Despite these findings, insurance companies often follow the criteria set up by NASS and other organizations, Dr. Garfin noted. “The insurance carrier may say ‘Sorry, you don’t meet NASS criteria because you are only saying 50% relief,’” he noted.

Hopefully, Dr. Garfin said, findings such as these by Polly et al that provide a surgical correlate following SI joint block results may allow for a reassessment of the NASS criteria in the future. In addition, he emphasized that accessing the SI joint via injection is challenging and that, in less experienced hands, there may be a high rate of false negative results with SI joint injection. 

“That is why you have to put everything else into perspective,” Dr. Garfin said, referring to the appropriate history and the need to demonstrate positive findings on at least 3 of the 5 key physical exam tests for SI joint dysfunction.

The findings emphasize the need to clearly define the target population for SI joint fusion given that several high-quality  studies—two randomized controlled trials (INSITE and Imia), 1 prospective cohort study (SIFI), three level 3 studies, and a myriad of level 4 studies—demonstrate consistent benefit from this intervention, Dr. Polly explained. Overly strict selection criteria may preclude “a substantial number” of patients who may benefit from SI joint fusion from having the surgery, the researchers noted in the study.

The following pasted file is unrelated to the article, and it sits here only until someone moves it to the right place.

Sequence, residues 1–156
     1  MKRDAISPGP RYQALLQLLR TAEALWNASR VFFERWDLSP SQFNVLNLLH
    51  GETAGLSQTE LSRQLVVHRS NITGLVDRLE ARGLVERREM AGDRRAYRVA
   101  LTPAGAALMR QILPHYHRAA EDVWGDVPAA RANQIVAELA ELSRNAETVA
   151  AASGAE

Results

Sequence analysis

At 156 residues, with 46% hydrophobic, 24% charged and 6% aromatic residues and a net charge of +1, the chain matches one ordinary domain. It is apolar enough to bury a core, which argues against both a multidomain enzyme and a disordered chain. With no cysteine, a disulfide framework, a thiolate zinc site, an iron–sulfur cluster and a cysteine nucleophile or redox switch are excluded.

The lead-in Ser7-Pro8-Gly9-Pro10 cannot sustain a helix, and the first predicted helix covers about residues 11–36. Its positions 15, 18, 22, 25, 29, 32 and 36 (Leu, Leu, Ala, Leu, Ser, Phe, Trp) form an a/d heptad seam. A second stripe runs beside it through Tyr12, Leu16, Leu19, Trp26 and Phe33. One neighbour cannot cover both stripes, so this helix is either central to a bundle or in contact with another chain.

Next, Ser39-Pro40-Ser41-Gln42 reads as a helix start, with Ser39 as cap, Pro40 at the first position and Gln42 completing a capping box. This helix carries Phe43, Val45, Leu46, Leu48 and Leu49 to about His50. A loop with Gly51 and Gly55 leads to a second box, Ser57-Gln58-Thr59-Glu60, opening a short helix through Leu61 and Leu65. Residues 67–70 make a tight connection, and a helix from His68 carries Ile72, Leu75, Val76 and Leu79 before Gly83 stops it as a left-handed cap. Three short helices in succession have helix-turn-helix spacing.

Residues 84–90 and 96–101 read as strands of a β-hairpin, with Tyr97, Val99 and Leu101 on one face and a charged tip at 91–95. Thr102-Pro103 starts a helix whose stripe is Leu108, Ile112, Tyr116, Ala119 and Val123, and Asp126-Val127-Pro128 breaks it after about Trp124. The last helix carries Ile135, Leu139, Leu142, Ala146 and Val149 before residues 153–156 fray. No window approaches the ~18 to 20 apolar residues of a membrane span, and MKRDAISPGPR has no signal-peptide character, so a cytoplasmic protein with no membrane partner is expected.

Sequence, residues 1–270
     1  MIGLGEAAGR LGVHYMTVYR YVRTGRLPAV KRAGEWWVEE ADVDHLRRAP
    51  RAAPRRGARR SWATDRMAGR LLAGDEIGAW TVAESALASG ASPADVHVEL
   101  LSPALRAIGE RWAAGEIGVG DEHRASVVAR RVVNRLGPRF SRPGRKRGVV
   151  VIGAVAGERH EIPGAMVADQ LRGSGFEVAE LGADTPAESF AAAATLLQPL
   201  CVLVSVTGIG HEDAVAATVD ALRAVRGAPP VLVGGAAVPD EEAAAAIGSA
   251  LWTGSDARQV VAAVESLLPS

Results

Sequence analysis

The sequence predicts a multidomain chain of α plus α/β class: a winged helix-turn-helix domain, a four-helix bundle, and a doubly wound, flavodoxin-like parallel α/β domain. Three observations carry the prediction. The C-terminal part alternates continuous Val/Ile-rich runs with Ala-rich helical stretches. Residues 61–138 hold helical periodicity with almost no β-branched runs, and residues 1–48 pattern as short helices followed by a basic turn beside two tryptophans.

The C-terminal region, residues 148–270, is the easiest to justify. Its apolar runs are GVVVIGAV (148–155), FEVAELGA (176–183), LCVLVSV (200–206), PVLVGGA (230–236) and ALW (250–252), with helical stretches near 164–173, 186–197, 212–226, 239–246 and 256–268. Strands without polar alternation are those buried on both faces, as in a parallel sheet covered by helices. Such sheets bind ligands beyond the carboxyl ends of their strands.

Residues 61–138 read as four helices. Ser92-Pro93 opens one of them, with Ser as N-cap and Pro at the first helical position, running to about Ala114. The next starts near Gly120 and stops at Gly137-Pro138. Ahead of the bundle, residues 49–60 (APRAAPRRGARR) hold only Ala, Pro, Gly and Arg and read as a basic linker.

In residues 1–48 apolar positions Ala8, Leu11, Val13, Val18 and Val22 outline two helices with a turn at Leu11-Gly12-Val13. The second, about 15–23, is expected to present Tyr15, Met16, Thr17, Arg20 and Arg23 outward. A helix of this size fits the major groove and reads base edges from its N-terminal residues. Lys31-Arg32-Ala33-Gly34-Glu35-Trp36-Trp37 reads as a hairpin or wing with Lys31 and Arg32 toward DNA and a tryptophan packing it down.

“The disability associated with this condition is more disabling than hip or knee arthritis requiring joint replacement, spinal stenosis requiring surgery, and many very disabling medical conditions,” Dr. Polly said.

iFuse System is Best Studied Fusion Technique for the SI Joint
The fusions in this study were performed using the iFuse Implant System, which is a minimally invasive device made of titanium implants (triangular-shaped rods) that attached horizontally across the sacrum and ilium.

“This iFuse system is the best studied SI fusion technique to date, and is the first minimally invasive fusion technique to be well studied,” Dr. Polly explained. “The collateral damage is far less with this minimally invasive technique compared to the prior open techniques. It does appear that in the long-term, patients treated with iFuse generally do better than patients treated with open surgery.”

A Look Ahead to Future Research
Dr. Polly suggested that future research should delineate “how low of a response to injection is enough of a response to consider surgical intervention. Traditionally, we use ≥50% as a cutoff. This may or may not be accurate.”

“The clinical trials used in this study required 3 of 5 positive provocative physical exam findings, which has an 85% positive predictive value for a positive response to local anesthetic injection,” Dr. Polly added.

Disclosure: Steven R. Garfin, MD is a paid consultant of and has an ownership interest in SI-BONE Inc.

Updated on: 02/08/18